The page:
Eating spring pancakes (春饼) is a time-honored tradition in northern China, to celebrate the arrival of spring and pray for a good harvest. A bite of the pancake symbolizes a bite of spring (咬春).

The truth is, when you use the warm and soft hand-made pancake to wrap around seasoning vegetables together with your favorite sauce, you are creating something so tasty that you would call it a bite of heaven.

The Chinese spring pancakes are made with a unique technique, by mixing wheat flour with very hot water (above 160 °F or 70 °C) to create a hot water dough. The hot water partially cooks the flour to reduce the degree of gluten development during kneading, which results in a very soft dough. Once it is rolled into pancakes and cooked through pan-frying or steaming, you will get the desirable “soft and chewy” texture which you won’t easily achieve with a regular cold water dough.

The filling of the pancakes can include any of your favorite vegetables, raw or cooked. You may also add meat or seafood if you want. In northern China, typical choices for the filling would be garlic chive, scallion, lettuce, celery, cucumber, bell pepper, carrot, wood ear mushroom, egg, as well as chicken or pork.  The favorite sauce there is tian mian jiang (甜面酱), which is spread onto the pancakes before wrapping.

You can learn the traditional way of making hot water dough and pancakes by following my recipe below.  It does take some practice if you’re trying for the first time, but the result will be immensely rewarding. Once you’ve mastered the technique, you can make other pancakes or dumplings that call for hot water dough, such as scallion pancakes, potstickers, and garlic chive turnovers which I posted before. As an alternative, you can use store-bought wrappers, such as moo-shu wrappers available in the frozen section of many Chinese grocery stores.  Or use Mexican-style flour tortillas, though they tend to be thicker and less pliable, and would not give you the same texture because they are made with cold water dough.

My recipe includes asparagus in the filling.  Although a nontraditional choice, this early spring’s iconic vegetable brings wonderful earthiness and crunchiness to the pancakes.  The stir-fried ramps recipe from my first post on this blog is also a great idea for the filling. Feel free to be creative in choosing your vegetables and protein. For the sauce, you can substitute tian mian jiang with hoisin sauce or any sauce of your choice.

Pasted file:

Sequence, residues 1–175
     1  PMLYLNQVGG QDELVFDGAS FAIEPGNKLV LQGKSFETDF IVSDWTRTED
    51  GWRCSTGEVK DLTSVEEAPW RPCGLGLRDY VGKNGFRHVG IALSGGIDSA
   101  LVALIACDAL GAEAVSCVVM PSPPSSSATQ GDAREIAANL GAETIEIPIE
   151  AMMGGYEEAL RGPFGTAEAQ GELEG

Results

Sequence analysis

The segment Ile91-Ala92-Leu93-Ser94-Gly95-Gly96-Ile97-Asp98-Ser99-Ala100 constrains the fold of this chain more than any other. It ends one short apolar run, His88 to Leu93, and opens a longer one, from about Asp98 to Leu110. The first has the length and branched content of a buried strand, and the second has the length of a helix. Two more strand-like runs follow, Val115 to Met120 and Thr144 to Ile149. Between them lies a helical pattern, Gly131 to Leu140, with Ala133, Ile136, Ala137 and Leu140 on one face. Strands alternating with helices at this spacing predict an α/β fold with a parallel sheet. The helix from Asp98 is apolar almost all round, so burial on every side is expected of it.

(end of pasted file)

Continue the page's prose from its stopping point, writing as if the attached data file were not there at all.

If you’re hosting a spring pancake party, it will be fun to make an assortment of cold salads and stir-fried dishes, together with different sauces, so everyone can wrap whatever they like into their pancakes.


Spring pancakes with asparagus, eggs, and Chinese sausage

Makes 8 pancakes


4 oz (120 g) all-purpose flour
85 ml hot water (above 160 °F or 70 °C)
1/4 teaspoon salt
Small amount of vegetable oil

8 oz (230 g) asparagus, preferably thin spears; trimmed
4 large eggs
2 oz (60 g) Chinese sausage, cut into thin slices
2 teaspoons vegetable oil
Tian mian jian or hoisin sauce, or any sauce of your choice
Salt and freshly ground white pepper


To make the dough:

  1. Add the flour to a large bowl, sprinkle with the salt, and make a well in the middle of the bowl.  Slowly pour the hot water to the flour, stirring quickly with chopsticks so the water is distributed evenly.
  2. When the dough is no longer too hot to handle, use your hands to form the dough into a ball and transfer to a lightly oiled work surface.  Knead the dough until it is smooth and elastic, 2-3 minutes.  Cover the dough with plastic wrap and let it rest at room temperature for 20-30 minutes.

To make the pancakes:

  1. Divide the dough into 8 even pieces and form each piece into a ball. On a lightly oiled work surface, press one ball down with your palm and roll into a 5” (12.5 cm) circle using a small rolling pin, ideally an Asian dowel-style rolling pin about one inch in diameter. You can use a tortilla press or a heavy-bottomed pan to make this process easier, by first pressing the ball into a flattened circle, followed by using a rolling pin.  Repeat the process with the remaining 7 balls.
  2. Brush some oil on the entire surface of a rolled circle, and stack the other circle on top. Roll the stacked circles with a rolling pin into a thin pancake at least 6” (15 cm) in diameter.  Repeat the process with the remaining 6 rolled circles.
  3. Heat a non-stick pan over very low heat. Cook each pancake without oil for about 3 minutes per side.  The pancake is done when the steam between the two layers creates bubbles to puff up the pancake and small brown spots start to appear.  Make sure to keep the heat very low, or the pancake will dry out before fully cooked.  Remove the cooked pancake from the pan, and when it’s hot, carefully separate the two layers, and wrap them in a towel to keep warm.  Repeat with the remaining pancakes.

To make the filling:

  1. Blanch the asparagus in boiling salted water until tender-crisp, about 1 minute. Transfer them to a bowl of ice water to cool, and drain well. If using thick spears, cut them in half lengthwise before blanching.
  2. Beat the eggs in the bowl and season with salt and pepper.
  3. Heat 2 teaspoons of oil in a hot wok or skillet over medium-low heat, and cook the Chinese sausage until slightly browned, about 1 minute. Transfer the sausage to a plate.
  4. In the same wok with the remaining oil over medium-low heat, add the egg mixture; stir until the eggs are just cooked, about one minute.

To service, spread some sauce of your choice onto the pancake, place some asparagus, sausage, and scrambled egg in the center, roll up and dig in.

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